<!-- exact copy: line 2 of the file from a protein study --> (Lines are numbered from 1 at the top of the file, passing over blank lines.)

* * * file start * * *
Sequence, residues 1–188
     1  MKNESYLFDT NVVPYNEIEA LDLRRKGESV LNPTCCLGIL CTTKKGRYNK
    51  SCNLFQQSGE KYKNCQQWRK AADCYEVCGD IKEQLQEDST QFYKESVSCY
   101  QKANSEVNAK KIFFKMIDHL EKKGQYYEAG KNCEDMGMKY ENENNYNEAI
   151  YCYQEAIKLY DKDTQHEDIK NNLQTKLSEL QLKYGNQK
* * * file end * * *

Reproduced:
     1  MKNESYLFDT NVVPYNEIEA LDLRRKGESV LNPTCCLGIL CTTKKGRYNK